By Lyndsay Bredahl
Kinky Boots hits the stage running for one week. It’s a heartfelt story that will leaving you smiling when you leave Bass Concert Hall. It has such a positive message believing that you can change your situation when you change your mind.
Charlie Price (played by Adam Kaplan) is ready to move away with his fiancé to London and leave Northampton, England behind. Just as he arrives, he gets a call that his father has passed away leaving the family business, a shoe factory called Price & Son. The factory is almost bankrupt and most of the workers have watched Charlie grow up. They are his family. He tries to figure out how to save it, but believes there is no hope until one night he meets Lola (J. Harrison Ghee) , who he tries to save her from being accosted. After talking, Lola, who is a man in drag, becomes the solution to his problem, when he gets an idea to target the drag community and make boots and high-heels designed to hold a man’s weight.
In the midst of production, Charlie gets Lola to come help him design a line of shoes. A lot of the factory workers try to fight Charlie on his idea, while one worker, Lauren (Tiffany Engen), starts falling for him. He ends up giving her a promotion because she had originally given him the idea to target a niche like some of the other surviving shoe factories had been doing. Some of the workers, especially Don give Lola a hard time, especially when he shows up in men’s clothing and introduces himself as Simon. Charlie tries to console Lola. They both realize that they didn’t become what there fathers wanted them to be and just how much they have in common.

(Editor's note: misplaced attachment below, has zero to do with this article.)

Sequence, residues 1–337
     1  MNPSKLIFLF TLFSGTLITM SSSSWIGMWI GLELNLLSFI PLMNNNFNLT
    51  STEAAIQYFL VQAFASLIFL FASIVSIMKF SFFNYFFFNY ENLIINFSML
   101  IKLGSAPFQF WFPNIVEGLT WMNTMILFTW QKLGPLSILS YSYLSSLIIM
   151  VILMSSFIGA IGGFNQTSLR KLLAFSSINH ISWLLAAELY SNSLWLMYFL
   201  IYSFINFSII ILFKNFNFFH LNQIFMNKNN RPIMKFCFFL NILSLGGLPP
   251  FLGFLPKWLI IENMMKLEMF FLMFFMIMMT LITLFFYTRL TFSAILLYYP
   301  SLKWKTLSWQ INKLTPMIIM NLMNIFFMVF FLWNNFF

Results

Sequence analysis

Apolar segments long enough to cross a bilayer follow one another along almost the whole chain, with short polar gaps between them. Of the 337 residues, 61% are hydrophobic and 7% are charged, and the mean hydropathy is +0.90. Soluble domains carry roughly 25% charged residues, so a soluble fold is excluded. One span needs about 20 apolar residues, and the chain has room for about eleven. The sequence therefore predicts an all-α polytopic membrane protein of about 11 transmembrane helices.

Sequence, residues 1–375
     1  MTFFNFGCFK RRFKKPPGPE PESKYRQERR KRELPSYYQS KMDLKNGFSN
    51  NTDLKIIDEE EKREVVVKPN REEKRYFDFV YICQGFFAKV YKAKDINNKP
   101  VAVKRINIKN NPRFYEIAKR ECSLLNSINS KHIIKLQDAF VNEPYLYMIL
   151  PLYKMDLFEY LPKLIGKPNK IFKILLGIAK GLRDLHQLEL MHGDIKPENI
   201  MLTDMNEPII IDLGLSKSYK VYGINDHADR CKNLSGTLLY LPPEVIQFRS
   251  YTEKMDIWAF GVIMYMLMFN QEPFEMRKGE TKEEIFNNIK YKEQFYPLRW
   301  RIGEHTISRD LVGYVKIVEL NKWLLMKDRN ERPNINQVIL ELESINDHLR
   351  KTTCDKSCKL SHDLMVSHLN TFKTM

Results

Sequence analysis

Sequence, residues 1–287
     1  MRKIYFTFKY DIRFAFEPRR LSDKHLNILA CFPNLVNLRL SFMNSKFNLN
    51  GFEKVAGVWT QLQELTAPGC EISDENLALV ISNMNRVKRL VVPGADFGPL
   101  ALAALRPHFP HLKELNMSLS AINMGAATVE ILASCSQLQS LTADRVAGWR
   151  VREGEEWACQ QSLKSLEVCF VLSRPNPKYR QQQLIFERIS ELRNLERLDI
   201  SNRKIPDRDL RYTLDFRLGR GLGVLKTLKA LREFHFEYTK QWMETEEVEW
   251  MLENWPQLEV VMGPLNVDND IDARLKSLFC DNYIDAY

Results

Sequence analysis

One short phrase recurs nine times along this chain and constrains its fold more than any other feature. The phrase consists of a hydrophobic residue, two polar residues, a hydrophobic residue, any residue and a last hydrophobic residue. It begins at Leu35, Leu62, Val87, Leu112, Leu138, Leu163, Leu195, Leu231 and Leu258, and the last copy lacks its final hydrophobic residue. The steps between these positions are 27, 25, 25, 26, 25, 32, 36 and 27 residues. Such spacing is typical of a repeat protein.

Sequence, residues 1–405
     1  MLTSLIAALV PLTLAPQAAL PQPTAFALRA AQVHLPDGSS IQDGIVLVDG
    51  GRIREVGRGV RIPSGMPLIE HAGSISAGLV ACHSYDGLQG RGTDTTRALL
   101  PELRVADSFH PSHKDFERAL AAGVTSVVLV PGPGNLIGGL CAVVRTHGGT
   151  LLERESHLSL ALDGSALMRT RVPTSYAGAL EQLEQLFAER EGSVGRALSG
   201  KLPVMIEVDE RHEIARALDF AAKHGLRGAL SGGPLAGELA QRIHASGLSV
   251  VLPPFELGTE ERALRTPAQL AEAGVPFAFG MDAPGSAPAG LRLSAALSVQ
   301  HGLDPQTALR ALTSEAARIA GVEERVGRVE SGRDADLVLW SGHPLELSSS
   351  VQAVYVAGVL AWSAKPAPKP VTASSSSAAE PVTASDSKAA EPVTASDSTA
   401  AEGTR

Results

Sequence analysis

Kinky Boots is based on true events and a touching portrayal of 2 people that are nothing alike, but have everything in common. It teaches you that you should never not get to know someone because they are different. That person may bring hope in your life. And there’s no one better to have composed the score than Cyndi Lauper, which won 6 Tony Awards including Best Musical and Best Score. She brings such raw emotional in each song, especially in the song Not My Father’s Son. The book was written by Harvey Fierstein and it is directed and choreographed by Jerry Mitchell.
Even with all the sentiment in the songs, one of the best is funny girl Lauren singing The History of Wrong Guys. Tiffany Engen does an exceptional job playing her and adds much needed comic relief in the musical. You may also notice that Jim J. Bullock, Monroe of 80s sitcom, Too Close for Comfort, plays the factory manager, George.
For more information, call (512) 471-4454 or to buy tickets, click here!
Photo by Matthew Murphy, Adam Kaplam as Charlie Price and J. Harrison Ghee as Lola/Simon.